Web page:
The air crew went through their preflight checks. I crammed into the extra seat behind the navigator just as I heard the co-pilot shout, “Clear Prop Port,” and hit the starter on the port engine. In a riot of screaming gears and mechanical noise, first one cylinder and then another shot black smoke from the unmuffled stack as it ignited and the prop became a blur as the big radial engine settled into a loping idle.
“Clear Prop Starboard,” he shouted as the process repeated itself. The navigator handed me headphones, saying, “Put these on. You won’t be able to hear anything otherwise.”
Through the intercom the pilot and copilot discussed cylinder head temperatures, prop pitch and how long they could hold maximum manifold pressure at this ambient. After a few minutes, the pilot signaled the ground grew who pulled the wheel chocks and stood back, stepping into my view through the tiny window next to my seat.
The pilot revved one engine and spun the plane around to head down the apron toward the runway. We bounced down he apron past other planes being loaded, some were C-47s like ours, others were regular airliners and still others were light, single-engine jobs and one biplane. As we taxied along I listened to the radio chatter between pilots and the tower. As we turned onto the runway, the tower said, “AAUI, radio ID please.” The pilot responded with a list of letters and numbers none of which meant anything to me except the radio frequency.
“AAUI you’re number three for takeoff. Proceed two niner north,” said the tower.
We bumped along the taxiway past yellow pylons with numbers stenciled in black then finally one marked 29N. The pilot swung the plane onto that runway and stopped. “AAUI two-niner north,” said the pilot.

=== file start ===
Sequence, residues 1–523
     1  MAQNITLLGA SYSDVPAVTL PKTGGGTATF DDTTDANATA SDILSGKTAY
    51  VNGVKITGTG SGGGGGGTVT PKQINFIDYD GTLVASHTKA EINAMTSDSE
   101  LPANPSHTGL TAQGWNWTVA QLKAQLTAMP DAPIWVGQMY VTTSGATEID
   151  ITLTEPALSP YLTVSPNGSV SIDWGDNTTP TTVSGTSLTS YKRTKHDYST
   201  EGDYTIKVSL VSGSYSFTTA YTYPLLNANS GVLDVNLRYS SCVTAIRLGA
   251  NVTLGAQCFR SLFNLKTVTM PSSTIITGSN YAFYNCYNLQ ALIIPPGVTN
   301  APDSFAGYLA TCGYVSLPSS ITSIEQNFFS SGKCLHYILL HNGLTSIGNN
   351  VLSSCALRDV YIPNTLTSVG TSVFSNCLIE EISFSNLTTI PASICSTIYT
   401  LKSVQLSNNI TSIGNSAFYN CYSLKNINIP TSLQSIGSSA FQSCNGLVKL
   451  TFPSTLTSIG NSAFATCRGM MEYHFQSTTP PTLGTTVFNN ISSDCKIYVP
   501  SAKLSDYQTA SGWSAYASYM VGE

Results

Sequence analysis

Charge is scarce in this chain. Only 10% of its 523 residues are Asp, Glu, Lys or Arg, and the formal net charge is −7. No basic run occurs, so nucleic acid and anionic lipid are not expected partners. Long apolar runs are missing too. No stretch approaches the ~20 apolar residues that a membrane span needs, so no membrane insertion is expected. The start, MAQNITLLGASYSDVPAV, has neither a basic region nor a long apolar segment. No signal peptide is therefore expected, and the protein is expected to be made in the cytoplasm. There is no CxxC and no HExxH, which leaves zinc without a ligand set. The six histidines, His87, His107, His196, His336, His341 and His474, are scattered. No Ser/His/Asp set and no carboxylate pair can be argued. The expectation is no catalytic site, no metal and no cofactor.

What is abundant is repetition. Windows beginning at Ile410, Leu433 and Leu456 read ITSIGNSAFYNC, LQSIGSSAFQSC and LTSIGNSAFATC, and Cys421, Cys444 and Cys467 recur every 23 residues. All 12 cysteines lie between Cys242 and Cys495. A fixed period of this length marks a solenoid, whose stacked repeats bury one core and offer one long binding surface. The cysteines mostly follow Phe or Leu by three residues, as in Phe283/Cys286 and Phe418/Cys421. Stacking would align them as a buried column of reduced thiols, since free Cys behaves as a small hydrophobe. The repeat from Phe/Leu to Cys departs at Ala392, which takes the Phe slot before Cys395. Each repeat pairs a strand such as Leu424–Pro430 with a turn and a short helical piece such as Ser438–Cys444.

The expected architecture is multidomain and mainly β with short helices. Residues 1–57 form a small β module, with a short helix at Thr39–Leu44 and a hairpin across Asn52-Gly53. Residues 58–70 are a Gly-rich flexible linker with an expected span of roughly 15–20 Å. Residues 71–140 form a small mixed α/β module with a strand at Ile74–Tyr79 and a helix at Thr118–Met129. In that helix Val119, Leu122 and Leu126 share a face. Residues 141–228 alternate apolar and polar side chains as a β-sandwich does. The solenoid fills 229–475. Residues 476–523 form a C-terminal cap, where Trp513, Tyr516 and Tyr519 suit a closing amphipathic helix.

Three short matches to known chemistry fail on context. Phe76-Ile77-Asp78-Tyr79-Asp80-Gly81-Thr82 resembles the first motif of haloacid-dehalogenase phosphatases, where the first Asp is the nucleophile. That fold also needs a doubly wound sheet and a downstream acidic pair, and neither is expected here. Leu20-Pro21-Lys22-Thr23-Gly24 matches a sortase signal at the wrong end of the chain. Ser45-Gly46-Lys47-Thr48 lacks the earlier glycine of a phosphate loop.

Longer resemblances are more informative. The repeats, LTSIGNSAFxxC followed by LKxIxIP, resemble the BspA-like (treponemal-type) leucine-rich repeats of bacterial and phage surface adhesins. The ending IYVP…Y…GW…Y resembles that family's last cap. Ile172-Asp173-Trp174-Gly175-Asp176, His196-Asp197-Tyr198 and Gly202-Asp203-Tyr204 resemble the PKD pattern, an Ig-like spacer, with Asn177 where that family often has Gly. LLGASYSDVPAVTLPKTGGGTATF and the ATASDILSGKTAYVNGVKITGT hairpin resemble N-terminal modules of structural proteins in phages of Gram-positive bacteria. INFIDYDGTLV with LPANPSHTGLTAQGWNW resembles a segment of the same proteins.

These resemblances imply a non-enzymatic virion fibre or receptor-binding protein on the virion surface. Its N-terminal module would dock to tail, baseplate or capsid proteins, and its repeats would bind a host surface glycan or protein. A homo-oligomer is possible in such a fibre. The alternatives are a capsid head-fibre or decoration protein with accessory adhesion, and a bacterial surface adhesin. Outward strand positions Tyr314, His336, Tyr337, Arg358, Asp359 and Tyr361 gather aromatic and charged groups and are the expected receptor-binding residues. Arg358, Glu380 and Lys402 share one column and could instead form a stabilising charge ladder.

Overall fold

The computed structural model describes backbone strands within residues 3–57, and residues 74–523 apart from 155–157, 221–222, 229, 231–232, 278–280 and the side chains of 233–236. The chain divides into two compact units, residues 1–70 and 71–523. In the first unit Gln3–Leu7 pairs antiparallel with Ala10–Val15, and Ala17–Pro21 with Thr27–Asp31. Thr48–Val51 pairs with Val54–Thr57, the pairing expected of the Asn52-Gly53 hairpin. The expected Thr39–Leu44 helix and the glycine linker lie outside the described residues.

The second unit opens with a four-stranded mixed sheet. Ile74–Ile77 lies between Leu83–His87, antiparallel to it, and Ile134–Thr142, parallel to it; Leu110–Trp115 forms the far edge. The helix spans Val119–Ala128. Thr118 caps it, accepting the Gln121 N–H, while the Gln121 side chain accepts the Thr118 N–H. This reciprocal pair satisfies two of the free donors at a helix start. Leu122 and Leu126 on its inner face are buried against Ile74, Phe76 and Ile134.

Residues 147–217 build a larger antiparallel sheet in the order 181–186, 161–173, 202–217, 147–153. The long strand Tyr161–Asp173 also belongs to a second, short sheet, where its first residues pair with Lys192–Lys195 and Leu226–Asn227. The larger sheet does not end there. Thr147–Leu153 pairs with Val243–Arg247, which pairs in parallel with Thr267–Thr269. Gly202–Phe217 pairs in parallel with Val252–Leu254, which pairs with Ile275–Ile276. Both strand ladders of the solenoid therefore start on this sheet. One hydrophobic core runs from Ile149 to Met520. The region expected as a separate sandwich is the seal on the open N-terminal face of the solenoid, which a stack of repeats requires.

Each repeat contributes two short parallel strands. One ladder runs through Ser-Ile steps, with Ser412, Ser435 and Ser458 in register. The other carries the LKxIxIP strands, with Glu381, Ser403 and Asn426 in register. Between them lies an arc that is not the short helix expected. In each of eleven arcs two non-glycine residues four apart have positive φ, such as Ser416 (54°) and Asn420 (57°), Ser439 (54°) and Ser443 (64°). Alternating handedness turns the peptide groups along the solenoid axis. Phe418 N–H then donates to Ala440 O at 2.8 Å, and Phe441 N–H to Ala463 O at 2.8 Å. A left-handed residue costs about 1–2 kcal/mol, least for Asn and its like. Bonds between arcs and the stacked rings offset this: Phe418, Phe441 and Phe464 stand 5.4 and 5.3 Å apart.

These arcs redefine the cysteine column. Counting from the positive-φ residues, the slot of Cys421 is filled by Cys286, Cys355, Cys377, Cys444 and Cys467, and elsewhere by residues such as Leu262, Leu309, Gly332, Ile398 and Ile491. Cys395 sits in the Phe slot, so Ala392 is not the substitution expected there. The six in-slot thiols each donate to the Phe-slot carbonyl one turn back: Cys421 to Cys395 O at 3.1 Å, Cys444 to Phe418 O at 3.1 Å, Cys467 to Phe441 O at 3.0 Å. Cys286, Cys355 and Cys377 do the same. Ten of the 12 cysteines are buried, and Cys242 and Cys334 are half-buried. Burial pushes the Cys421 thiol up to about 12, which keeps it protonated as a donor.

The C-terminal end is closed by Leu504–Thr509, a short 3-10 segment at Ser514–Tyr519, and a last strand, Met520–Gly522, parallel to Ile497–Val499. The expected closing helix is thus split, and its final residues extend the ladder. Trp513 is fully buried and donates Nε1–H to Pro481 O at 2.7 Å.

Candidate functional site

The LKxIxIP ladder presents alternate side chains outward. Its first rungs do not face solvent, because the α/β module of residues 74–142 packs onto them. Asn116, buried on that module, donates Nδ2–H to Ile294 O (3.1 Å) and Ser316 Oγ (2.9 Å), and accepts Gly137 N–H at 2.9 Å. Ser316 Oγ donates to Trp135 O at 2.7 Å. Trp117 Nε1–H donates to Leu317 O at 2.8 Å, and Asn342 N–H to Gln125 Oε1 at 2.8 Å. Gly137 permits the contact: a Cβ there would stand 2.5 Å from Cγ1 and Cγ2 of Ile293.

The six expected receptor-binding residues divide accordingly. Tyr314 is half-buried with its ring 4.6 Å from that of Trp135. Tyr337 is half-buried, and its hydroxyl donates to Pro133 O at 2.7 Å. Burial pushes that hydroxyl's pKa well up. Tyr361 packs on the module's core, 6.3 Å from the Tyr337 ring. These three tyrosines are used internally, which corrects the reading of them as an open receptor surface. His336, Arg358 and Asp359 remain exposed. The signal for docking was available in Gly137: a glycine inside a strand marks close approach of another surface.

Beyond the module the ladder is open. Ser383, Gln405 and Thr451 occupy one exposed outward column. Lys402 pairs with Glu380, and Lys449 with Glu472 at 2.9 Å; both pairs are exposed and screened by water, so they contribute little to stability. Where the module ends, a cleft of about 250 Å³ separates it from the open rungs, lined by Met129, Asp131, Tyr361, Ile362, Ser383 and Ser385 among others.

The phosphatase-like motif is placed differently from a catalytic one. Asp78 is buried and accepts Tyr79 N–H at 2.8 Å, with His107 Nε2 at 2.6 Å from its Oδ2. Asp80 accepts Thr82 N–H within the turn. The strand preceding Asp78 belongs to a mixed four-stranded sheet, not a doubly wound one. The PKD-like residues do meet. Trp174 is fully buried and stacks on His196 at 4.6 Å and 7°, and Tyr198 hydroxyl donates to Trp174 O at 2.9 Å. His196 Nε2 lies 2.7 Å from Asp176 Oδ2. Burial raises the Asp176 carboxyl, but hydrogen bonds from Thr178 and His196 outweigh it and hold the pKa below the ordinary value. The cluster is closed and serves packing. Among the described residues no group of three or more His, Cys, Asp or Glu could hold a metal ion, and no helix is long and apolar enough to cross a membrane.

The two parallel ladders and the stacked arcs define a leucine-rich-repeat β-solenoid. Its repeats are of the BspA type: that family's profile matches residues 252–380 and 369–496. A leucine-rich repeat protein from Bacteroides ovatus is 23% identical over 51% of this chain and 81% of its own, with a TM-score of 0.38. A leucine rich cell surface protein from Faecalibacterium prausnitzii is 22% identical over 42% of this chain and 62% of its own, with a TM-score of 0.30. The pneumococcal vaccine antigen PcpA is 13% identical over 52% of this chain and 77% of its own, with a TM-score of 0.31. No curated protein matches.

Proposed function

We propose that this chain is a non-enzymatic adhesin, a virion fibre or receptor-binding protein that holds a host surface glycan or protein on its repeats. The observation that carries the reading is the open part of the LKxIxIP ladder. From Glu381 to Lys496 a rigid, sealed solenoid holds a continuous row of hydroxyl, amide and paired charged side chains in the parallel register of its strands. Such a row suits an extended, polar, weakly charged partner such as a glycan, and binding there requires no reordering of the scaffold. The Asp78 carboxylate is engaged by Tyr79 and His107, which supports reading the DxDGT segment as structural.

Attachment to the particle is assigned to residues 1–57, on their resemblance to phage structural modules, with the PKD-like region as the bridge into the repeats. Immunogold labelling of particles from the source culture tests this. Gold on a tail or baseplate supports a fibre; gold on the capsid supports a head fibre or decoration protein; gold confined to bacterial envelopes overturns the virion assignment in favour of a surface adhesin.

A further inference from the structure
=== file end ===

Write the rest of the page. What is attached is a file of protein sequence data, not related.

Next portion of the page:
“Sit tight for that black DC3 landing on two-niner S,” then a few seconds later, “AAUI Correction. Move onto two-niner North immediately. DC3’s coming in hot and heavy.”
I couldn’t see what was happening but shortly the pilot said, “Request clearance for immediate takeoff.”
“Granted,” said the tower. “Get your ass in the air now.”
The pilot pushed both throttle handles forward against the instrument panel and said to the co-pilot, “Hold 14 inches as long as she’ll take it. Watch the exhaust temps. I got to outrun that ARVN bastard, he’s way overloaded and missed the taxiway. Hope he doesn’t rear-end us before he gets stopped.”
Even through the headphones the roar of two supercharged 14-cylinder radial engines on full song was deafening. I later learned that many of AA C-47s had been retrofitted with larger engines totaling 2800 horsepower. This apparently was one of them.
“Jesus, but I’m glad the shop got the R-2000s installed, we’re almost off the ground.”
“That’s good cause the starbord exhaust temp just topped 1300,” shouted the co-pilot.
“We’re off. Damn, by the 900 foot mark fully loaded. Not bad. Back her off to 8 inches and hold the mix till they cool off.”
“Roger that,” said the co-pilot. “Wouldn’t want to do that every day. Make short work of these new engines.”
The bumping of the wheels on the runway stopped and we were airborne. The co-pilot pulled another lever and more motors and gears whined as the landing gear retracted into the wings. Suddenly it was much smoother and almost quiet.
Ton Son Nhut and Saigon began to fall away as the intercom chatter went into cruise-mode checklist. We flew to the northwest. Cultivated fields of rice doted with small villages faded into rubber plantations and then the hills and jungle of the southern highlands. Half an hour later as we approached a high ridge, the pilot cut back the engines and got on the radio for landing instructions. Where? I wondered. I saw no field only jungle. Then as we crossed the ridge, a broad bench running along the ridge came into view and with that an airfield surrounded by banana trees. The trees at either end of the runway had been felled helter skelter.